I don’t like Girls. Revolutionary thought, right? I know. Since the HBO show’s premiere two weeks ago, I’ve read all types of moaning about the show, the story of four twenty-something brown-haired white women making a way and doing slightly better than Florida Evans in seemingly homogeneous Brooklyn. The prevailing complaint about the show has been about all those people of non-color living, mating, and getting by in America’s biggest melting pot of a city. How could it be, many, many (too many) people have wondered, that they couldn’t find any color in Brooklyn?! I mean, besides the homeless Black guy that yelled at “Hannah” to “smile!” (There are people of color in Girls’ world, they just, well, color the margins life for the people of non-color.)
In all the Girls talk, there’s emerged a prevailing ideas that New York City proper, with inhabitants that undoubtedly rep every country and city on Earth’s face, is this place where people of all cultures gather around the Empire State Building and do some sort of collective kumbaya chant where we express tolerance for every race, religion, and creed. Nightly.
I’m almost certain where this lure of the New York melting pot came from. It’s a bunch of people from everywhere, living in close quarters, and so in theory, they would all intermingle on more than public transportation and then find common human interests like, you know, surviving this city and become friends. Surely that can happen, but what’s been my experience in application is it doesn’t for a lot of people. Of course, there’s potential for New York to be a melting pot, if you prefer it that way. But it can also be as segregated as a Jim Crow Mississippi, complete with the crazed police brutality, but without the separate but equal signs.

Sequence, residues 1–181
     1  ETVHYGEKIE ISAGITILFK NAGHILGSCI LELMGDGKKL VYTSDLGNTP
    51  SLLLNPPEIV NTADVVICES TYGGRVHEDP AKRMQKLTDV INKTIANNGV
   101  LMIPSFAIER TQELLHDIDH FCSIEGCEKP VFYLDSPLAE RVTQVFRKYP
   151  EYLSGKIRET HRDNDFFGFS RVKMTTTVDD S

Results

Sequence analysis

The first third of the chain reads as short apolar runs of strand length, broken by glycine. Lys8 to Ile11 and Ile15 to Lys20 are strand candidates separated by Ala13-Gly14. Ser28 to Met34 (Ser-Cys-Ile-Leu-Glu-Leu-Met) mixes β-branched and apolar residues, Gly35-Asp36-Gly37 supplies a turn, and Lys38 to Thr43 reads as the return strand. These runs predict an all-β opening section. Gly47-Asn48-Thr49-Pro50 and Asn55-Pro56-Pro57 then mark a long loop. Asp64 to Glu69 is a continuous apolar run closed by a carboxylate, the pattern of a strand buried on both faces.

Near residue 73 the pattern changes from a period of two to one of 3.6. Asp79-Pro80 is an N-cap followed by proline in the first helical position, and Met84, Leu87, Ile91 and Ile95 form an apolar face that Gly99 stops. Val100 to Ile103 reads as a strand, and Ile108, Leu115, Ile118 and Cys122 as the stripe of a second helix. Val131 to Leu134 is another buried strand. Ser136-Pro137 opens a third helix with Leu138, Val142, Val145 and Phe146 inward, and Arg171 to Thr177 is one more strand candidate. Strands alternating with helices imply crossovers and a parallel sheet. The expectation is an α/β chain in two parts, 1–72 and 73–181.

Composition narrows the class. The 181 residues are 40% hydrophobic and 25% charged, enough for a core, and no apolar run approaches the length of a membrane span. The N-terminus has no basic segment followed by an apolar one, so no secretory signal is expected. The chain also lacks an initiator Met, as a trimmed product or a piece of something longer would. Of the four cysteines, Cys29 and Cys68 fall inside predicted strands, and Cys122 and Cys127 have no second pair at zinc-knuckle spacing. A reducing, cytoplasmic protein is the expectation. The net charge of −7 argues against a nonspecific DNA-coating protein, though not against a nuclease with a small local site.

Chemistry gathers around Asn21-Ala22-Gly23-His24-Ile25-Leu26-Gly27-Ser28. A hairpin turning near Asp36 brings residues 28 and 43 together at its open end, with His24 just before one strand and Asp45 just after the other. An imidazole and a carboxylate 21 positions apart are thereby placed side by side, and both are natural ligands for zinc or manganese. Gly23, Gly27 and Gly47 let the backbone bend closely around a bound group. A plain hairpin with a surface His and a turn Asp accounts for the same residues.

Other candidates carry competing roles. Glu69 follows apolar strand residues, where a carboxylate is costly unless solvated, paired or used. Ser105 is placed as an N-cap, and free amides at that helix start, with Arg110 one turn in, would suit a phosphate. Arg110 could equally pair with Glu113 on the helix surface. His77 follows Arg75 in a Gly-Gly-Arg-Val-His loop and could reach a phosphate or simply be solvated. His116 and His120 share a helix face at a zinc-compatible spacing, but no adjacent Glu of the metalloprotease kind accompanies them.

The crowded streets of Times Square look like the figurative UN (all tourists, so you know) and by convenience and for time efficiency, you’ll see people of all colors, including the Mayor, smashed together on the subway come rush hour. But for, dare I say, many New Yorkers, sharing a knowing eye roll across an empty aisle to whomever from wherever when the inevitable kid enters the subway car to sell M&Ms and recite the scripted speech about hustling on the train–”Not for no basketball team, but to have money in my pocket so I won’t be robbing you”–can be as meaningful as your NYC encounter with another race gets.
I will have lived here ten years come late August, and I have just one non-Black friend. She’s Puerto Rican, from The Bronx. Unlike Zoe Saldana and LaLa Vasquez-Anthony, she doesn’t claim “Black” even if she could be mistaken for such. I rarely see her, maybe once a year, as she’s a workaholic and a mother. We met when her husband was still her boyfriend, and clicked. End of story. Everyone else who I could call at 2 AM in the midst of a crisis and actually expect to answer and care is Black.